Amazon’s business strategy during the period 2007 to 2010 has been multifaceted. In the early periods of Amazon’s growth, there was minimal competition in the online retail market, and therefore, Amazon was operating in a relaxed business environment. In the early stages of the company’s growth, there was a strong focus on improving the company’s communication platform because Amazon’s CEO, Bezo, believed that, the future of online retailing laid on improved and continuous communications (Whittington and Scholes 2011).

It is from this ideology that Amazon was named “Amazon” because the company’s founder believed that the company would become one of the longest online retail chains (through word-of-mouth communication). The name (Amazon) was therefore borrowed from Amazon River, which is among the longest rivers of the world (Sherman 2001, p. 2). In reference to its corporate strategy, Bezo said: “A brand for a company is like a reputation for a person. You earn reputation by trying to do hard things well” (Byers 2006, p. 18).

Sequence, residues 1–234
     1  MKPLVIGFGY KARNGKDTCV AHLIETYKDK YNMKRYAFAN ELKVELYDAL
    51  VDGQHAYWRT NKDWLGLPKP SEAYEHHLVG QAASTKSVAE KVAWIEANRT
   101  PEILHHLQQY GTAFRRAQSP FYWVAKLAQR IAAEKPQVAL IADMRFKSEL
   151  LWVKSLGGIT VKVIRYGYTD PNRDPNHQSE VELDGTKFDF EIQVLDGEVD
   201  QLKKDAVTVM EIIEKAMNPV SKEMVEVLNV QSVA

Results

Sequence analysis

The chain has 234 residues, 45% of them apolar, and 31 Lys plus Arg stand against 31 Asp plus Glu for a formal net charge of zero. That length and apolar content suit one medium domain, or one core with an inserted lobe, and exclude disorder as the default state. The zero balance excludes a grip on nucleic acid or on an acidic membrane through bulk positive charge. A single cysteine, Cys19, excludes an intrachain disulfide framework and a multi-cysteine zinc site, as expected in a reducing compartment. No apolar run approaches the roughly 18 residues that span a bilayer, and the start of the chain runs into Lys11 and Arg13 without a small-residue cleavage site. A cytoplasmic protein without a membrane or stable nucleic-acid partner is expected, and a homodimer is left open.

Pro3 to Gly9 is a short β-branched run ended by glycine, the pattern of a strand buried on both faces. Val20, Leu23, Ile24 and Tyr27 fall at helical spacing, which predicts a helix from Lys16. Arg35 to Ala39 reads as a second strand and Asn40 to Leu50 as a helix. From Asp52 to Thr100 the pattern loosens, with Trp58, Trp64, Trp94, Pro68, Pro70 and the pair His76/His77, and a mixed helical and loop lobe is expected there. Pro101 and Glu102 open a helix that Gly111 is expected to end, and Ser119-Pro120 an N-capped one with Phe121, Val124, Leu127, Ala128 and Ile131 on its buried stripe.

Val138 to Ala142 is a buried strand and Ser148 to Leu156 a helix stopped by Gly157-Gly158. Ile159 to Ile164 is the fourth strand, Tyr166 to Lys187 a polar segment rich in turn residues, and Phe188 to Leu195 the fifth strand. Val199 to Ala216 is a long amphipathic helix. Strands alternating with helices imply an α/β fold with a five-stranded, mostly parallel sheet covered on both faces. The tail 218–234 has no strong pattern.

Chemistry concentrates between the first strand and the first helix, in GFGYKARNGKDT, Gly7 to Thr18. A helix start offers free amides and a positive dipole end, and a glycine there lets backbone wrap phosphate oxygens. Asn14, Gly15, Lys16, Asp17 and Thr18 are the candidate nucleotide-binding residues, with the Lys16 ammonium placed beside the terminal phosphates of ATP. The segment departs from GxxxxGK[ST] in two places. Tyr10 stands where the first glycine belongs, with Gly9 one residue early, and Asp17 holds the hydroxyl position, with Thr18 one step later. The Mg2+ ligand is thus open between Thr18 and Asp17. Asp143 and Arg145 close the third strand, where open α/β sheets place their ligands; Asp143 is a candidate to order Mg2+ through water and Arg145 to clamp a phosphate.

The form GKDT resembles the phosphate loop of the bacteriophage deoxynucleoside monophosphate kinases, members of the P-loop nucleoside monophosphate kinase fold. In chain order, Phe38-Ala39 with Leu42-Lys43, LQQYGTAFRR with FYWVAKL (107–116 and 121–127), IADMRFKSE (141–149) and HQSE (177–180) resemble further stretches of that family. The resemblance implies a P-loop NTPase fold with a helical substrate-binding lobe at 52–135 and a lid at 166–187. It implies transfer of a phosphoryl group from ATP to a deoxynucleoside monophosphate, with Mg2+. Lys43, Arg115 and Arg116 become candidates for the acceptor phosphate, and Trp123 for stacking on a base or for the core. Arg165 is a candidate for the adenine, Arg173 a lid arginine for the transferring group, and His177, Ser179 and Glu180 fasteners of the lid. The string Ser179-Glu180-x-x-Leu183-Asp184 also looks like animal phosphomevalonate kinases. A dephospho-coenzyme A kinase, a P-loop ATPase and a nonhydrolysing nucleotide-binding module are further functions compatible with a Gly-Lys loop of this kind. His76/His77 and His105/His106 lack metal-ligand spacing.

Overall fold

As a result, the importance of branding was highly recommended as an area of core business advantage. Amazon has, for a long time, used its strong branding campaigns to build a good name in the online retail market. However, with the proliferation of online retail companies, Amazon has had to redefine itself as a leader in the online retail market, since it was among the first companies to venture into the business in the first place.

In its redefinition campaign, Amazon has shifted its corporate strategy from being reputation-driven (branding-driven) to being consumer-centric. This strategy has been informed by the need to provide customers with an unforgettable shopping experience. Goods sold within this framework have been presented within a wide array of product categories. This strategy has been a cyclic phenomenon where customers have increased their frequency of visits to the Amazon website, thereby increasing customer traffic (Sherman 2001, p. 2). This increase in customer traffic has resulted in increased innovation due to an increase in innovative ideas and resources. This shift in strategy has also been reflected in a change of business logo to reflect a change in Amazon’s business offing.